I don’t get intimidated easily, but sitting in hotel room overlooking Lake Tahoe, with the entire course of the 2011 Amgen Tour of California laid out before me, I was more than a little bit intimidated. I’ve raced and participated in a lot of very hard endurance events, but the 2011 ATOC Race Experience was going to be a challenge on a lot of fronts. Not only was there the mileage and the climbing to consider, but the logistics as well. We had 22 athletes, support vehicles, soigneurs and staff, hotel arrangements, etc.; so many things had to fall into place for this thing to work out.
And they did. It was amazing, and I have my staff – particularly CTS Pro Coach Renee Eastman – to thank for that. Everyone was incredible, and the conditions didn’t make it easy. Like the pros, we couldn’t ride Stage 1, and then we shortened Stage 2 because of the weather as well. From there, though, we were full-on. Stage 3 featured heavy crosswinds and spitting rain, but we worked together as a team and powered our way through it fast enough to make it to the finish before being yanked off the course by the fast-approaching pros. In fact we made it to the finish each day, enabling the group to truly experience what it’s like to race a stage race.
One of the most important lessons that the riders learned during the Race Experience was the importance of recovery. It’s one thing to put in one epic day on the bike, but something else to ride 108 miles in 4:40 and then get up and ride another big stage the very next morning. And it’s not like you’re returning home to your own bed each night; during a stage race you’re packing and unpacking every day, depending on others to supply food or get you to your meals, etc. You’re at the mercy of a very regimented schedule, and the bus to the start will leave without you. One of the things that the riders didn’t appreciate until they experienced it was the additional pressure that the schedule puts on riders already tired from spending long days on the bike.
The other interesting observation I made on the road was that riders started adapting to their hydration needs. I think a lot of riders are accustomed to riding in a slightly dehydrated state, despite loud and frequent pronouncements from every coach and dietitian about the importance of hydration. The truth is, it’s more convenient to make do with the two bottles on your bike for the duration of your ride, rather than stop and refill them. But during a stage race or a heavy week of training, that habit leads to a descent into debilitating dehydration. During the ATOC Race Experience, there were some riders who drank too little the first day, suffered a bit because of it the following day, and – most importantly – learned from the experience and consumed a significantly greater amount of fluid for the remaining stages. The lesson for everyone else is: until you try drinking more during and between your rides, you’ll never know how much better off you could be.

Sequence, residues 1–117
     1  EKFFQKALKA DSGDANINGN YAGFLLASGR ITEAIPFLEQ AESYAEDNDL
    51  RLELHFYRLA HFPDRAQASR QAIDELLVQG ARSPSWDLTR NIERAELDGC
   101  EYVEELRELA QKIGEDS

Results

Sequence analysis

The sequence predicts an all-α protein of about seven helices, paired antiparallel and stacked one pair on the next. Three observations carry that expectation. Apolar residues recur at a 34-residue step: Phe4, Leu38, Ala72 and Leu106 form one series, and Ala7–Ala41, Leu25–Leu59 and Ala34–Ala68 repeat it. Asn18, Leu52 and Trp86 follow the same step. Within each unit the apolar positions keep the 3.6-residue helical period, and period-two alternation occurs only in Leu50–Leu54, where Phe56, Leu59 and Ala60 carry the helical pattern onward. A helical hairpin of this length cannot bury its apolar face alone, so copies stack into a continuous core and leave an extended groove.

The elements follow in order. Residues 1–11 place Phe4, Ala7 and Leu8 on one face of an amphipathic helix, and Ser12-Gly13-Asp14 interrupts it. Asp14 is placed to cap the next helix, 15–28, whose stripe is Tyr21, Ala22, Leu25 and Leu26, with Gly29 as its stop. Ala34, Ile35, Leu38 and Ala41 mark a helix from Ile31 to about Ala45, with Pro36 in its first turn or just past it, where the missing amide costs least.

One last lesson: You’re never too old to act like a kid. The riders who comprised the CTS ATOC Race Experience Team were all mature, responsible, successful adults. In their private and professional lives they have accomplished some tremendous feats. But they still sprint for city limit signs, pull pranks on fellow riders, and grin from ear to ear on twisty descents. They rode with pure joy, not because the riding was going to lead to something else, but because on the bike they let go of everything else and just focused on the road ahead of them. The lesson for everyone is: All the stresses in your life are going to be waiting for you when you get off the bike; don’t bring them along for the ride too.
I’ve gotten a lot of emails and messages from people who want to do the Amgen Tour of California Race Experience with CTS in 2012. We obviously have some details to work out regarding the 2012 edition, but we’re putting names on a list! If you’re interested, call 866-355-0645 and get on the list. There are other opportunities left in 2011, too. Mountain bikers can come and get the full-on pro experience for the 2011 La Ruta de los Conquistadores (recon camp in September, race in November). We also have camp slots (guaranteed ride entries included) for the Triple Bypass Recon Camps in June and the King Ridge Gran Fondo Recon/Training Camp in August.
Some great reading for Memorial Day Weekend:
- CTS Coach Rebecca Kurtz and I wrote this article on strength and technique for swimming for Triathlete Magazine. Anyone who has seem me in the water knows that Rebecca’s expertise was especially valuable for this column: http://triathlon.competitor.com/2011/05/training/ramp-up-your-swim-training-by-focusing-on-strength-technique_24564
- CTS Athlete Dean Karnazes recently finished his 75-day run across the United States. CTS Premier Coach and ultramarathoner Jason Koop (you remember him from last week’s article) was with him for weeks at a time and I’m very proud of both of them for completing the journey. Dean paused long enough for this interview recently: http://untilyoutri.com/2011/05/24/an-interview-with-a-legend-giveaway-part-ii/
- Sari Anderson is exemplifies the time-crunched lifestyle. She’s a working parent with limited training time, and she’s an elite athlete who keeps on winning! Here’s an interview she gave recently to Skinet.com: http://www.skinet.com/ski/content/my-life-adventure-racer
- And a big thank you to the folks at Snow.com for helping to get the word out about our upcoming Vail High Altitude Performance Camp! I’ll be there and I’m looking forward to a great experience in the high mountain passes and of course the luxury of Vail Village. Camp details here: http://trainright.wpengine.com/events/14/high-altitude-performance-camp/
Have a great Memorial Day Weekend!
Carmichael Training Systems